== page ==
Now we shall illustrate an all-pass filter. The foregoing example illustrates something further. Let ${\displaystyle \left(b_{0}{,\ }b_{1}\right)}$ be a two-length wavelet. Then the only other two-length wavelet with the same autocorrelation as that of ${\displaystyle \left\{b_{0}{,\ }b_{1}\right\}}$ is its (midpoint) reverse ${\displaystyle \left(b_{1}^{*}{\ ,\ }b_{0}^{*}\right)}$. (Of course, when we speak about the wavelet ${\displaystyle \left\{b_{0}{,\ }b_{1}\right\}}$ and its reverse ${\displaystyle \left(b_{1}^{*}{,\ }b_{0}^{*}\right)}$, we mean the equivalence class of ${\displaystyle \left\{cb_{O}{,\ }cb_{1}\right\}}$ and ${\displaystyle \left\{c^{*}{\ }b_{1}^{*}{,\ }c^{*}{\ }b_{0}^{*}\right\}}$ for any constant c where ${\displaystyle cc^{*}=1}$. Here, we take c = 1.) Thus, the only other two-length wavelet with the same autocorrelation as that of (2, 1) is (1, 2). It turns out that there are wavelets of greater length with the same autocorrelation, but there is no other wavelet of length 2 with the same autocorrelation. Figure 18 shows the wavelet (2, 1) and a wavelet of greater length, both of which have the same autocorrelation. The wavelet of greater length is obtained by convolving the wave-let (2, 1) with the all-pass filter shown in the figure.

Figure 18.  Two wavelets with the same autocorrelation. Because the autocorrelation is symmetric, only one side is shown.

A causal all-pass filter is defined as a causal filter with an amplitude spectrum equal to unity for all frequencies. The transfer function of a causal all-pass filter is

 {\displaystyle {\begin{aligned}&P\left(Z\right)={\frac {A^{R}\left(Z\right)}{A\left(Z\right)}},\end{aligned}}} (56)

where A(Z) is the Z-transform of a finite-length minimum-delay wavelet a, and ${\displaystyle {\rm {A}}^{R}\left(Z\right)}$ is the Z-transform of the reverse ${\displaystyle a^{R}}$. The amplitude spectrum of this all-pass filter is unity because both a and its reverse ${\displaystyle a^{R}}$ have the same amplitude spectrum. This reverse is, of course, maximum delay. Because a causal all-pass wavelet has a unit amplitude spectrum, it follows that its inverse is equal to its reverse; that is, ${\displaystyle p^{-{1}}=p^{R}}$, or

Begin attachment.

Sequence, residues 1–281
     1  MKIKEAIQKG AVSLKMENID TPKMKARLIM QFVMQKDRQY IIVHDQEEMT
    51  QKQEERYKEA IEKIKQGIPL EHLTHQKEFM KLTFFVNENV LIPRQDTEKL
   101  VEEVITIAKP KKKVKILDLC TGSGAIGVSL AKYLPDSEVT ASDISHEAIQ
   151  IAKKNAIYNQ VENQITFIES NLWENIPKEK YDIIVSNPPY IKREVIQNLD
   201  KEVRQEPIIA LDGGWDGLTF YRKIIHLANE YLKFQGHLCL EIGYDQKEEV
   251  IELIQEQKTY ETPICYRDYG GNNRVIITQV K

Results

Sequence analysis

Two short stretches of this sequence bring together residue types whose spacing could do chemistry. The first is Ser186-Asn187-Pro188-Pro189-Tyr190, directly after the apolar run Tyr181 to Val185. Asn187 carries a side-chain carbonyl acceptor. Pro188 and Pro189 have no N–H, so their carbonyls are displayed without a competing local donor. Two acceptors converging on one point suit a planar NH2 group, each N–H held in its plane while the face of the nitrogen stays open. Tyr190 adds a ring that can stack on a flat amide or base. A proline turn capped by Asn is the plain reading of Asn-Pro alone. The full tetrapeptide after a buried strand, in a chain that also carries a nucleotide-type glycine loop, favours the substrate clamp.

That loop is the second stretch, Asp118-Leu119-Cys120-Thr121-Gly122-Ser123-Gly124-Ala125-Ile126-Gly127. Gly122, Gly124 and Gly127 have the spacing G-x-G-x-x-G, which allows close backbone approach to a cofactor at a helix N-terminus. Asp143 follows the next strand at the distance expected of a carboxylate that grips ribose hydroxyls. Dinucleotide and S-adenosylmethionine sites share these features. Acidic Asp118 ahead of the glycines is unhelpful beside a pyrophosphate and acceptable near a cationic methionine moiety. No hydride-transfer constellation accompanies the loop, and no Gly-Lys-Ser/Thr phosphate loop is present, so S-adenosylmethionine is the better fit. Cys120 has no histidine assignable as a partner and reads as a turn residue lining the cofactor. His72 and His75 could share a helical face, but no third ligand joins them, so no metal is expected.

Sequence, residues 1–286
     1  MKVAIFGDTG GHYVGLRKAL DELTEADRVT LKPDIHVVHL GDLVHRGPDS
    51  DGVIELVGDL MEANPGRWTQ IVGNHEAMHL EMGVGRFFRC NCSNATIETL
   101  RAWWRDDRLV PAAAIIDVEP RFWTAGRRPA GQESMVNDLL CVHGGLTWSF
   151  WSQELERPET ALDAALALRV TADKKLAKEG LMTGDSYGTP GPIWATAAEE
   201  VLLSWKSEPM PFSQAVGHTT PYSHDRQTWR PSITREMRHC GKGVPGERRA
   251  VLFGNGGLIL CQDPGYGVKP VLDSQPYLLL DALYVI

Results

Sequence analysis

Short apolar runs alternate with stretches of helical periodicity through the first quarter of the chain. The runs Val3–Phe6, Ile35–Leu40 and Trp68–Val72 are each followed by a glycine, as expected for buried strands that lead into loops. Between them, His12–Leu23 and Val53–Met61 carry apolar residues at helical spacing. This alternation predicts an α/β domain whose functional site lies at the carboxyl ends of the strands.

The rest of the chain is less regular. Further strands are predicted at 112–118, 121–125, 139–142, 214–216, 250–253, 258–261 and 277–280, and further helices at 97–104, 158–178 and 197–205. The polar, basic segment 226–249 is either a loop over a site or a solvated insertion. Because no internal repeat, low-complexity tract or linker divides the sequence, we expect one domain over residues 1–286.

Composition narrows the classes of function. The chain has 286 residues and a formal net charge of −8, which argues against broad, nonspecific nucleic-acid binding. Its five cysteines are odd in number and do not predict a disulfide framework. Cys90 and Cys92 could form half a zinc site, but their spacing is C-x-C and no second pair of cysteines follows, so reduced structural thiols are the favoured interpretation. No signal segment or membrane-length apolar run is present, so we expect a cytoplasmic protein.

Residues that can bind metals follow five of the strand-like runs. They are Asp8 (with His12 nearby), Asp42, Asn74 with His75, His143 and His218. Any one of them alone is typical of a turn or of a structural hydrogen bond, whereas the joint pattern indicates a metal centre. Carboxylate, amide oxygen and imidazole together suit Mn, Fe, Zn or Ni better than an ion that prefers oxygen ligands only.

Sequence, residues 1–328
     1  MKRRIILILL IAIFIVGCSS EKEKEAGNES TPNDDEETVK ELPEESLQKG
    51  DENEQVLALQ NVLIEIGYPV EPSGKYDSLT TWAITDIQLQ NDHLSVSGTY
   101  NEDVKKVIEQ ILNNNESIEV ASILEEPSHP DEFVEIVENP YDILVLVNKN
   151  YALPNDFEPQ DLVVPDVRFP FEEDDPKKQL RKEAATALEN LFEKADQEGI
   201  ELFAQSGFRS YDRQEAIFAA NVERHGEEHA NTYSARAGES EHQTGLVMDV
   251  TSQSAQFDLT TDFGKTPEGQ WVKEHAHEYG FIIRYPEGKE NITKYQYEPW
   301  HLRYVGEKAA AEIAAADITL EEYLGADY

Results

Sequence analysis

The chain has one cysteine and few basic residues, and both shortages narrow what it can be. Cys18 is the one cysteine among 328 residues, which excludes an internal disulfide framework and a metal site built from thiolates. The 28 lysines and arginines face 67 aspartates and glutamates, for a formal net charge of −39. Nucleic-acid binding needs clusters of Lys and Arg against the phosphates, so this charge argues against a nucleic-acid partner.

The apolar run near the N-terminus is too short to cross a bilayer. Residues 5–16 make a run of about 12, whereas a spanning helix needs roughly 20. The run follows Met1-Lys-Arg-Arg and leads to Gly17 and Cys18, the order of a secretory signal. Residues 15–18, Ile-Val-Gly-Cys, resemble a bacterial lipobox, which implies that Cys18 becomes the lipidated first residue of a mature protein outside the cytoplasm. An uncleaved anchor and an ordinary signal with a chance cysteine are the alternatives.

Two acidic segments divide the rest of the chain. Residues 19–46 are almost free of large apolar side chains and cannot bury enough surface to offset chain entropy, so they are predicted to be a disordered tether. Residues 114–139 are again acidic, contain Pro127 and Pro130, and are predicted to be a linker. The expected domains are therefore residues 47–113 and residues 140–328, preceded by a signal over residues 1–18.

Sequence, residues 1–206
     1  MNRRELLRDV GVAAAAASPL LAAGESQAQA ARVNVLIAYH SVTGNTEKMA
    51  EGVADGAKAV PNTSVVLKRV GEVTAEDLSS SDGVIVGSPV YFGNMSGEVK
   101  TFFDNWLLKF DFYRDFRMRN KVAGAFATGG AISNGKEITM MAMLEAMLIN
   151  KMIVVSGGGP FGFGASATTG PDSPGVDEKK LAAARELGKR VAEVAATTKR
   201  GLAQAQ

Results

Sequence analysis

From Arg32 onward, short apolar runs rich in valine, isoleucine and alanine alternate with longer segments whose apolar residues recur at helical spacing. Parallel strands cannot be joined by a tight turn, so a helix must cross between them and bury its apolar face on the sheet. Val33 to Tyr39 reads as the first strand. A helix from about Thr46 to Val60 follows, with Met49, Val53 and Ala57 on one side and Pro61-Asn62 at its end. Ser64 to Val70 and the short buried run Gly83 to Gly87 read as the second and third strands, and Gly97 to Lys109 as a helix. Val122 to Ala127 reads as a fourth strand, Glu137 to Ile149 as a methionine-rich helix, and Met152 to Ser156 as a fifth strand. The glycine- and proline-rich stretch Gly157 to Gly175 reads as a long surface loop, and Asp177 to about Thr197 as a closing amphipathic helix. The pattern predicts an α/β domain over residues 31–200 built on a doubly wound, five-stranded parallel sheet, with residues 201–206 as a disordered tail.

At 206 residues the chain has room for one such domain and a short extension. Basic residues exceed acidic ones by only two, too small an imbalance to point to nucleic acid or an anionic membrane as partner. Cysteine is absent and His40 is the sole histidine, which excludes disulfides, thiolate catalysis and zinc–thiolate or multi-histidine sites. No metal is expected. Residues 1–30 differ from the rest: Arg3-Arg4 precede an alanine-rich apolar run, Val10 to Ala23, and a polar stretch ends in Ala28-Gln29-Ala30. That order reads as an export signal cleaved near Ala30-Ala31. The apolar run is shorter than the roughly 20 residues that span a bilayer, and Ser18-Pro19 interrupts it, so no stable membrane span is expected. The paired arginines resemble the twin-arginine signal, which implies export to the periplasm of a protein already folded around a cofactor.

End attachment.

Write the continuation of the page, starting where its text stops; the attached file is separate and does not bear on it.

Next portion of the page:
{\displaystyle {\begin{aligned}&P^{-1}\left(Z\right)=A\left(Z\right)/A^{R}\left(Z\right)={\left(A^{R}\left(Z\right)/A\left(Z\right)\right)}^{R}=P^{R}\left(Z\right).\end{aligned}}} (57)

Thus the inverse is noncausal and one-sided to the past.

Generally, a causal all-pass wavelet has infinite length. However, in two special cases, a causal all-pass wavelet reduces to a finite-length wavelet. In the first special case, A(Z) is a constant. As a result, the transfer function of the causal all-pass wavelet is equal to one, so the causal all-pass wavelet is the unit spike {1, 0, 0, 0, …}, where the 1 occurs at time index 0. Such a causal all-pass wavelet is called trivial because the unit spike convolved with any signal does not change the signal. In the second special case, ${\displaystyle A^{R}\left(Z\right)=Z^{n}}$ where n is a positive integer. In this case, ${\displaystyle P\left(Z\right)=Z^{n}}$, so the causal all-pass wavelet produces a pure delay of n time units.